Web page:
Between 10,000-15,000 new hotel rooms have been made available to tourists visiting Egypt this year, the chairman of the Egyptian Tourism Federation has revealed.
In an interview with Reuters, Ahmed Al-Waseef said a similar number is expected to be ready for greet tourists in 2020.
The tourism sector is an essential pillar of Egypt’s economy, a source of livelihood for millions of citizens and a major source of foreign currency.
“According to the Central Bank of Egypt (CBE), there is a surge in tourism figures. Revenues are higher than those of 2010, which were about $11.6 billion. We have recovered digitally but we can reach more. However, 2010 figures were not our goal,” Al-Waseef added.
Egypt’s tourism revenues increased by 28.6 per cent in the fiscal year 2018-2019 to $12.6 billion, compared with $9.8 billion in the fiscal year 2017-2018, according to CBE data.
“In fact, there is a 30 per cent increase in tourism revenues and numbers of tourists, which is proof of the tourism’s ability to recover. Tourists from North America, Germany and Europe, in general, are on the rise. We have begun working on returning back the ‘cultural tourism’ also.” Al-Waseef said.
A government document, seen by Reuters in August, showed that Egypt aims to increase the number of tourists visiting the country to 12 million in 2019-2020, up about 11 per cent from the previous fiscal year, and to increase the number of nights tourists spend in hotels to 127 million in 2019-2020 up from 113 million nights a year ago.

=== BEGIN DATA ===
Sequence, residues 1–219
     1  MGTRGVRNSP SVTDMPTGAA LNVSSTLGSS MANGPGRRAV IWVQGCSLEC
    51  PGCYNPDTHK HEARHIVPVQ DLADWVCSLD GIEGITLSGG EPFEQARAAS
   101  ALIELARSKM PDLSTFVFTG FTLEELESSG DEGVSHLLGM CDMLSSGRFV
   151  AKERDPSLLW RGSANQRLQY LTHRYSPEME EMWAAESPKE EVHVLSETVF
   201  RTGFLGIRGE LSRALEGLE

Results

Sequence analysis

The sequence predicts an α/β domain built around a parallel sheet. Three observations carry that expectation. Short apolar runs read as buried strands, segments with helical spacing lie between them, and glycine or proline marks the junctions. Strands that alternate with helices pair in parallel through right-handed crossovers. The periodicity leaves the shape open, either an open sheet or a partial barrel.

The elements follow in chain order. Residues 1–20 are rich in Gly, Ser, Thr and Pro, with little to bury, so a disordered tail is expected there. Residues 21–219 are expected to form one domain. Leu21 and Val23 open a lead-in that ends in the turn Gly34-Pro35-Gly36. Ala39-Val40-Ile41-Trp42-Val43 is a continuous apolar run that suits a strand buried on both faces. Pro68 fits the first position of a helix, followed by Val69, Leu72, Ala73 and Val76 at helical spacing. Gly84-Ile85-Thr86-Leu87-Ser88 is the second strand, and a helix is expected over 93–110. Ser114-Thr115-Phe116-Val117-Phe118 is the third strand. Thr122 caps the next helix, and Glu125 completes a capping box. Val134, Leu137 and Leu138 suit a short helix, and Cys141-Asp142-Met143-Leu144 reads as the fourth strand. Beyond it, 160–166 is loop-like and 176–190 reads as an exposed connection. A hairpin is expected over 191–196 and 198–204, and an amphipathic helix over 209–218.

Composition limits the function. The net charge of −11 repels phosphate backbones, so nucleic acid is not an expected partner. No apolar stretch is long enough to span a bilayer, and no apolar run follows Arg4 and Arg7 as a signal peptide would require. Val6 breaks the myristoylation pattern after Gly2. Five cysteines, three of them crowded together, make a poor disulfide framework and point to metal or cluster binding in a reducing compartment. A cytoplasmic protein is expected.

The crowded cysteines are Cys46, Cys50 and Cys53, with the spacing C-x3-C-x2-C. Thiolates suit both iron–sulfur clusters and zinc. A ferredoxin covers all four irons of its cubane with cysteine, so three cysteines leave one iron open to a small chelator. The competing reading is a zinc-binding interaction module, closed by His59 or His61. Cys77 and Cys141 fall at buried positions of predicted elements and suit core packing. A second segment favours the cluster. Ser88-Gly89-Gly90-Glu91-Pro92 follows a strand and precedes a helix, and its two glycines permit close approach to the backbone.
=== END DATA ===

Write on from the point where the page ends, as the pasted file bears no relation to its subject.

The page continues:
Tourism, which has sharply declined since the country fell into unrest as a result of mass protests – held in 2011 – calling for the ouster of longtime dictator Hosni Mubarak, is one of Egypt’s most important sources of foreign currency.
The decline in tourist numbers, along with the mismanagement of government funds have forced the government to look for new forms of revenue including taking out a loan from the International Monetary Fund (IMF).
In July 2017, Egypt increased domestic electricity prices by between 18 and 42.1 per cent for the fiscal year 2017/2018. The government in Cairo also increased fuel prices for the second time a month earlier by between 5.6 and 100 per cent. It has been implementing an economic reform programme since 2016, including the adoption of value-added tax (VAT), cuts in energy subsidies and floating the Egyptian pound in order to revive the economy.